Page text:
Seeing Double: Getting Involved in Town

Seeing Double Columnist Cole Graber-Mitchell ’22 discusses his positive experiences working with the greater Amherst town community, and encourages students to join town committees.

Seeing Double: Getting Involved in Town
Amherst Town Hall. Cole Graber-Mitchell '22 encourages students to become more immersed in town life, perhaps by joining a town committee. Greater integration only benefits both Amherst students and the town. Photo courtesy of Wikimedia Commons.
Amherst Town Hall. Cole Graber-Mitchell '22 encourages students to become more immersed in town life, perhaps by joining a town committee. Greater integration only benefits both Amherst students and the town. Photo courtesy of Wikimedia Commons.

For the past two years, I’ve been a member of the Amherst Cultural Council (ACC), a volunteer town committee tasked with giving grants to promote arts and culture in the Amherst area. In our most recent grant cycle, we gave out $61,000 to local painters, musicians, dancers, and mainstay arts institutions like Amherst Media and Amherst Cinema.

Reading through all the applications we get and deciding who should receive funding is hard work, but it’s worth it, and not only because it promotes the arts in town. The council also provides a place for members of all the varied groups that call Amherst home to get to know each other and work together toward a shared goal.

For me, it’s been a wonderful opportunity to meet people in town. It’s easy to live a cloistered life here. I’m pretty sure that I spent whole months without stepping off campus once during my sophomore year. The committee has allowed me — and at my busiest times, forced me — to really engage with town. In my time there, I’ve had the pleasure of working with the high schoolers, the new parents, and the old guard of the committee, people who are embedded in Amherst life in ways that I am not.

Our busy college lives make these sorts of intergenerational, bubble-breaking relationships tough to build, but they’re worth it. Amherst College can teach us a lot, but life has lessons for us beyond what we can learn from books and dorm room drama. The folks that I’ve met on the council have taught me not only about the arts and how to evaluate grants, but also about the town and the people in it. I’ve gotten advice and life lessons from them, and even indirectly drawing on their vast pools of experience as we consider grants has been eye-opening for me.

And they’ve also learned from me and my experience as a student living in this town. Students should matter here beyond the confines of campus. We clearly want to matter: we want to be respected when we walk around town, and we desire amenities, like food open later than 9 p.m. We even feel like our voices should matter when we speak out about town issues, such as the new affordable housing project nearby.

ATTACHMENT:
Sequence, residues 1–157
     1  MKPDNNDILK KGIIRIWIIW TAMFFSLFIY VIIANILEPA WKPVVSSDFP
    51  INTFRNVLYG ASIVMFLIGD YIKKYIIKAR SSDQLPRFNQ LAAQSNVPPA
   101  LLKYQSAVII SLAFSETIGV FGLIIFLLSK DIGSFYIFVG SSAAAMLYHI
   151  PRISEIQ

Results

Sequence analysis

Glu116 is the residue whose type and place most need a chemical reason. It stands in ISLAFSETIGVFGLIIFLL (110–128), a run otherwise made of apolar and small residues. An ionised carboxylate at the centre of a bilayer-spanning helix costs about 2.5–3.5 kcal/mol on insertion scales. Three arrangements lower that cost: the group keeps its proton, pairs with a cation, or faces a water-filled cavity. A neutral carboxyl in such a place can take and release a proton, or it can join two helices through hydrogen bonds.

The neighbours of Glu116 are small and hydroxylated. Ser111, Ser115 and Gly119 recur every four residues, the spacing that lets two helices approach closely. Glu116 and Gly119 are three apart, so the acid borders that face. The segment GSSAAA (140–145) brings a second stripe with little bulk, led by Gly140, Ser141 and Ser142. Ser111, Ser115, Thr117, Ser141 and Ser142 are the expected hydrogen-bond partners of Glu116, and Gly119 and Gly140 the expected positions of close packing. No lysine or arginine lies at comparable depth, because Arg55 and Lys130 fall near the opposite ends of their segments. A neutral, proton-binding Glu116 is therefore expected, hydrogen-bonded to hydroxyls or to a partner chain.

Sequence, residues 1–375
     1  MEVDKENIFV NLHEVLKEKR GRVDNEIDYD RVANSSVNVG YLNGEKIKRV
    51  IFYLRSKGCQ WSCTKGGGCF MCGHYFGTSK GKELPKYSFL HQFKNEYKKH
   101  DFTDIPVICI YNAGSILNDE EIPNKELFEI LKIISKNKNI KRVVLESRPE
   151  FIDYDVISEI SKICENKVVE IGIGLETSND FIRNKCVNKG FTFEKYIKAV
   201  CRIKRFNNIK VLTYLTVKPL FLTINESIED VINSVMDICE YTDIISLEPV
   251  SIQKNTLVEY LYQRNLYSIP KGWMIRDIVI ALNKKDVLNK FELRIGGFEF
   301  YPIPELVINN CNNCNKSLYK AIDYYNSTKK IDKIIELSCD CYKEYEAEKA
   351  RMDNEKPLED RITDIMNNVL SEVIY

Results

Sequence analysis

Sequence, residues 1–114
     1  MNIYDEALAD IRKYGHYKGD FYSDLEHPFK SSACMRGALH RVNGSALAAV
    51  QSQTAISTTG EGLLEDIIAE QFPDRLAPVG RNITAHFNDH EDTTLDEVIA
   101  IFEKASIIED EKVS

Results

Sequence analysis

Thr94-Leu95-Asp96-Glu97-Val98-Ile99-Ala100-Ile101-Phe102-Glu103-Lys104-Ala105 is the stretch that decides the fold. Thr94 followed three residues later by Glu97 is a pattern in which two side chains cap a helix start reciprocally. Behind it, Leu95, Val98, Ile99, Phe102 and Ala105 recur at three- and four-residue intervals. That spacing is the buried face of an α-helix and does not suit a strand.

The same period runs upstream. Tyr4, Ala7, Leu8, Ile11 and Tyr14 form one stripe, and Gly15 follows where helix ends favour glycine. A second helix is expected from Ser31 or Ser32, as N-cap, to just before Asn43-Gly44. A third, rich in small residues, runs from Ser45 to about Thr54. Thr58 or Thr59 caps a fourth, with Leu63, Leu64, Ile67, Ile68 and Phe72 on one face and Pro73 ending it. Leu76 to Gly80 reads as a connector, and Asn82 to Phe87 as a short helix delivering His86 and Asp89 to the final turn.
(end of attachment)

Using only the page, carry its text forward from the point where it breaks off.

And frankly, we’re right. We live here for the better part of four years, often working in town and definitely spending our money there. But what goes on off campus can’t just be something we care about when we want to. We can’t complain or say our piece about what should happen without taking any responsibility. Our voices should matter, but when we aren’t putting in the effort to make this town better for everyone who lives here, it’s easy to discount what we have to say.

Thankfully, I’ve heard of countless ways that Amherst students have gotten involved in town life. Some work with a local housing advocacy group, and others volunteer for soup kitchens. Others work town jobs rather than staying on campus. This sort of outreach and integration between “town and gown” is extraordinarily important, and I hope it continues. The more students are involved in town life, the better for everyone. We have much to learn off campus, and the town can use our voices.

All of this brings me to my topic: the many town governance committees that need more members. Right now, there are vacancies on the committees for reparations, solar energy, disability access, and nine others that help run this town. And after I graduate, a spot will open up on the Amherst Cultural Council.

Time commitments on these committees vary, but many of them only meet every couple of weeks for an hour and a half or so. Even those infrequent meetings provide committee members with an opportunity to shape this community to better fit everyone’s needs and wants. Sitting on a town committee is civic engagement and self-government at its most basic: hands-on and small-scale.

Giving back to the town is one reason to join a committee, and placing student voices in local government is another. The last, and most personal, is the way that serving on a committee will reshape you. It might make you hate committees — I know that I sometimes wish a discussion would just end. But it will also help you appreciate all the minutiae involved in running even a town as small as Amherst. Local government demonstrates that democracy only works because of the unseen contributions of many, many people working together in good faith.
More than that, serving on a committee will teach you about this town, its history, and its people. For me, being a member of the Amherst Cultural Council has made the town of Amherst more than just the backdrop to my college years. I would love for another Amherst student to have that same experience. As I said, my spot on the council opens up in June. Maybe you can be the one to fill it.

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